Igor Kromin |   Consultant. Coder. Blogger. Tinkerer. Gamer.

Recently I bought a Wanhao Duplicator D7+ 3D Resin Printer so that I could start printing game cartridge shells for my side project over at Atari Gamer. A resin printer seemed like the best choice for the kind of cartridge I wanted to print and after reading and watching many reviews I settled on this particular printer. I'm not new to 3D printing, having messed around with them since 2013, but I was not prepared for what I encountered with this printer, and also the company that manufactures it.

When the printer arrived I was excited to get it set up, everything seemed to be included in the package - protective gloves, two lots of resin (orange and grey), tools, of course the printer itself. The manual was there too but it was for a different model printer (huh?).

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I quickly found out that in order to actually use this printer, you need the proprietary software, Wanhao Workshop. According to some documentation I read on Wanhao's website, I was supposed to receive a license key with my printer, which would be inside the manual. My manual didn't have this, probably because I was sent a D7 manual, not the D7+ manual. Oh well, I contacted the reseller and was promptly told that I need to buy software separately.

My initial reaction was of astonishment. Why would a company sell a product that can't be used without its software and not include that software? It seemed like a cheap money grab to me. The various forums I perused mentioned a free, earlier version of this software, but I could not find it. I ended up buying a license key, it was another $25 so I figured it's not a big deal.

Slicing done, I got to printing!
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Long story short, I didn't get a single successful print. After dozens of tries with many different settings, nothing seemed to produce the right size/shape without warping or major pitting (from supports) of my model. I've even reached out to some engineers at Wanhao for support - I got some half hearted reply with a screenshot of their settings and then they stopped responding.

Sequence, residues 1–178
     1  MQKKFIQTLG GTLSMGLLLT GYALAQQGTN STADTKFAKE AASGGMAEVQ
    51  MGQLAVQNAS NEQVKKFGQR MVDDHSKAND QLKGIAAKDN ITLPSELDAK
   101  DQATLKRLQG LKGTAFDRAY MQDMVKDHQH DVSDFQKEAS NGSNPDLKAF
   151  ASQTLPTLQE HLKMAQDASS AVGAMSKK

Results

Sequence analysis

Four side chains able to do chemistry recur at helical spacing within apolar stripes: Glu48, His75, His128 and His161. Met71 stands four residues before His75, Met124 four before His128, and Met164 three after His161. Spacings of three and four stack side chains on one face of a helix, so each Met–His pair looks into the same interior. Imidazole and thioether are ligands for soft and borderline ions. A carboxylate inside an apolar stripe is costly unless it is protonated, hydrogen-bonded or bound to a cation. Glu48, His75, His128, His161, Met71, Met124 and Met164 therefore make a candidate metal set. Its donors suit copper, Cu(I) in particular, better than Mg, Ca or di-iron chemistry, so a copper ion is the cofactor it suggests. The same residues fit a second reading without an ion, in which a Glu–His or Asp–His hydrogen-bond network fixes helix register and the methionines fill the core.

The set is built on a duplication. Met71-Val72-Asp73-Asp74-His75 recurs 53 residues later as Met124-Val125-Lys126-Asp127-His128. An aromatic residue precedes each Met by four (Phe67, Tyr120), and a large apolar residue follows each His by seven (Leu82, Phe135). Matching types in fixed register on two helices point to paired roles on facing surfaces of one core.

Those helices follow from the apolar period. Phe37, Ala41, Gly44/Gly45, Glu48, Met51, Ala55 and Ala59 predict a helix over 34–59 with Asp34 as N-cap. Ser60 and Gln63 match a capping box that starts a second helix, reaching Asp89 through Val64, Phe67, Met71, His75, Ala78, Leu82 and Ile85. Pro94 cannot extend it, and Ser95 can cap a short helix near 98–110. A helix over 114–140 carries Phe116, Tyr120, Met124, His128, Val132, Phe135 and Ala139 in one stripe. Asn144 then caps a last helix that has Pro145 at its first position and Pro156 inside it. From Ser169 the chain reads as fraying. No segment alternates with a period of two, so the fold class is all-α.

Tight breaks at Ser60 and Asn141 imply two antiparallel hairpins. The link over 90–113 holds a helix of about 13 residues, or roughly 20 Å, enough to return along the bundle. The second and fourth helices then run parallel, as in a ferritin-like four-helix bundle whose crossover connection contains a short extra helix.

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The biggest issue I found with a printer of this type is you have to let a model fully print (or at least print far enough to be visible outside the resin vat) before you can tell if there's been a failure or not. This takes time of course. With traditional FDM printers you can tell a failure within seconds or minutes of a print starting, with resin printers it takes hours. Then there was the mess to clean up after each print. You have to use alcohol (IPA or methylated spirits) to clean each model after printing. The print platform also required cleaning after each print. So whenever there was a failed print, you still had to do as much work as when you'd have a successful print.

The smell of resin and solvents was starting to annoy me too. That's when I figured that I'd try water soluble resin. It's more expensive but I thought that I may also have better luck with it. So I went over to the Wanhao website and ordered two litres, with postage paid to Australia. The very next day I received this email...
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At first I thought it was some kind of joke, but after asking some questions from the supplier and various forums, I was told that this was in fact a legitimate employee of Wanhao and this kind of practice is not new. I already paid for shipping, so I refused to pay more - this was the last straw for me.


Since then I bought another 3D printer, this time a traditional FDM one, for less than 1/2 of the cost of the Wanhao D7+, and have had very good results from it (left is what I'm trying to duplicate, middle and right is what I'm printing)...
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I don't deny that my inexperience with DLP/SLA printers has been a factor in all this, but Wanhao's practices of requiring the purchase of additional software, trying to extract more money from you via extra "shipping charges" and lack of good support is a major show stopper. Would I try another DLP/SLA printer in the future? Probably not - the mess of cleaning up all that resin just doesn't seem worth it to me. When you can get very good results from an FDM type printer at a fraction of a cost, I would rather go with the cheaper, more proven method.

-i

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